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Indigenous Architecture and the Spanish American Plaza in Mesoamerica and the Caribbean

  • Setha M. LowEmail author
Chapter

Abstract

Plazas are often important spatial representations of society and social hierarchy. The grid-plan plazas built in Mesoamerica and the Caribbean under the direction of the Spanish have been interpreted as architectural representations of colonial control and oppression. Underlying these interpretations is the tacit assumption that plaza-centered gridded urban design was of solely European derivation, in spite of considerable evidence of pre-Columbian contributions. This chapter argues that the correspondence between indigenous forms and Spanish reconstruction—both modelled on the grid layout—is so well documented that the denial of its significance is startling. In fact, the ethnohistorical and archaeological evidence suggests that the colonial plaza evolved from both indigenous and Spanish influences and models that created a new urban design form. Consequently, cultural tensions of conquest and resistance are embedded in this urban design and accompanied architecture.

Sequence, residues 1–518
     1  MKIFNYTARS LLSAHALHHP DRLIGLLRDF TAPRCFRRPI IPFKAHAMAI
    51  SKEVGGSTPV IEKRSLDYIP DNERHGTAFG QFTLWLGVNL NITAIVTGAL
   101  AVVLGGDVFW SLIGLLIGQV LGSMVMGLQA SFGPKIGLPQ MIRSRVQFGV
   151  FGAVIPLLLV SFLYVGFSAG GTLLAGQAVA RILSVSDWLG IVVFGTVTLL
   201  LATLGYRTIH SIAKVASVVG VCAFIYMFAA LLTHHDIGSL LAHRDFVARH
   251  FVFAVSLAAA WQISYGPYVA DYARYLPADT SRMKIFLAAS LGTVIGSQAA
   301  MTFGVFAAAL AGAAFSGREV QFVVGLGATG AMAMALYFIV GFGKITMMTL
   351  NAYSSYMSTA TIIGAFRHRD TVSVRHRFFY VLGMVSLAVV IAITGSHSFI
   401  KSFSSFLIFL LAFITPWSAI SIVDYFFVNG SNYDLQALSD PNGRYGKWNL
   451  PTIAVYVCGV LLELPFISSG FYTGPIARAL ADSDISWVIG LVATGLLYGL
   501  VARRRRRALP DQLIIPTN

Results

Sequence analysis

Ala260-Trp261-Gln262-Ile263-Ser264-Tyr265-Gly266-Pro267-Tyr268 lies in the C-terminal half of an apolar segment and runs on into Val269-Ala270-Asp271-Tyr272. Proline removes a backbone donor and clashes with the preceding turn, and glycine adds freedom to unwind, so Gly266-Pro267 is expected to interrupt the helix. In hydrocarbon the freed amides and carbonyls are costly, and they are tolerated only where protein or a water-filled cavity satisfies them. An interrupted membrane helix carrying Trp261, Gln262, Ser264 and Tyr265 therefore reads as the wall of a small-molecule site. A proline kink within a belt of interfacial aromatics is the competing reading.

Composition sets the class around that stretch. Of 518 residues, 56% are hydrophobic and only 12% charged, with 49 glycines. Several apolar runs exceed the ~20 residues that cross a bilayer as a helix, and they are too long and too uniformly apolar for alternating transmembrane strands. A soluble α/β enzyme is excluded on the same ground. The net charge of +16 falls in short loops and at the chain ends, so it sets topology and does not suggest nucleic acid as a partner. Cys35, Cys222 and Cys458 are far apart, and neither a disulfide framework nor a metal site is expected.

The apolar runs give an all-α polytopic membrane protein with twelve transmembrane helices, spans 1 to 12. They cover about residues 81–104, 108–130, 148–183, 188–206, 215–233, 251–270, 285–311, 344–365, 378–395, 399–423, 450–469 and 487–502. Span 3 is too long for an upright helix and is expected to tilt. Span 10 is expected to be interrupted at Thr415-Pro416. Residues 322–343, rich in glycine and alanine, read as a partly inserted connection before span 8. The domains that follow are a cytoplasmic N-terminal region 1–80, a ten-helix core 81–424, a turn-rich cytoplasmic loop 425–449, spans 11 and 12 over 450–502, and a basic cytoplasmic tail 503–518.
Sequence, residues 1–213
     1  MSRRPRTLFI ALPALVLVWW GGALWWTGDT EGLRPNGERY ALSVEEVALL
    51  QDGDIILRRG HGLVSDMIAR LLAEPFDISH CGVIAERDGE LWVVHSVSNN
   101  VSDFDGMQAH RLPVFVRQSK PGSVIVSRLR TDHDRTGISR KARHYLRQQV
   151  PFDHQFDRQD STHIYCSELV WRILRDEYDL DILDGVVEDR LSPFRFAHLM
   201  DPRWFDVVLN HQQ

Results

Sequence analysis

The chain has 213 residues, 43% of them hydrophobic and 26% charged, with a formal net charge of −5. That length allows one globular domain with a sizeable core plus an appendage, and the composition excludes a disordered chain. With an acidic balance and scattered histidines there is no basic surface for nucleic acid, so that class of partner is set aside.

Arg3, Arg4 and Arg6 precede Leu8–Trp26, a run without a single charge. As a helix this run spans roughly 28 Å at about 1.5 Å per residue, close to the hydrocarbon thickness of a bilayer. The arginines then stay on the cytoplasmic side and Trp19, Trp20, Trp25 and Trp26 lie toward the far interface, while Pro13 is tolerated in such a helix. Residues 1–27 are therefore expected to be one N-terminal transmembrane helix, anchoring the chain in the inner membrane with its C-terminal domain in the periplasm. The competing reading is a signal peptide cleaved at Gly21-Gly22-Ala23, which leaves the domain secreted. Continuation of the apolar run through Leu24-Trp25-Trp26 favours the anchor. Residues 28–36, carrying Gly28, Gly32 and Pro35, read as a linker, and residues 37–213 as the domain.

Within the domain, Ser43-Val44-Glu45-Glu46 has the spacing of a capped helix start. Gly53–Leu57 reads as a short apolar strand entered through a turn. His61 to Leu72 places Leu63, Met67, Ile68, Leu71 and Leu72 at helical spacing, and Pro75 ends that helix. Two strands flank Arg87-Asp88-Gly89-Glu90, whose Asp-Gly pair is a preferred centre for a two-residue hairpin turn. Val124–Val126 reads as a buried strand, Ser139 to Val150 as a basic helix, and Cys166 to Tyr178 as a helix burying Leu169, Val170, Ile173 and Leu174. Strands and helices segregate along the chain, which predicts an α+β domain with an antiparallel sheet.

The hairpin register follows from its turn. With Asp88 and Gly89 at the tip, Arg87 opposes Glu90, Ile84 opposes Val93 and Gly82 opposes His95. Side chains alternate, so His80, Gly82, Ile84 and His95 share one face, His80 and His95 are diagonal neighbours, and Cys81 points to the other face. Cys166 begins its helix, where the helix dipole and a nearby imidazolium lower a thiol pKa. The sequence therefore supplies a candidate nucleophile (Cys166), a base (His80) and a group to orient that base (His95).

Keywords

Colonial Hispanic culture Indigenous Mexican cultures Urban grid Plaza Heritage studies Politics of historical preservation 

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Authors and Affiliations

  1. 1.City University of New YorkNew YorkUSA

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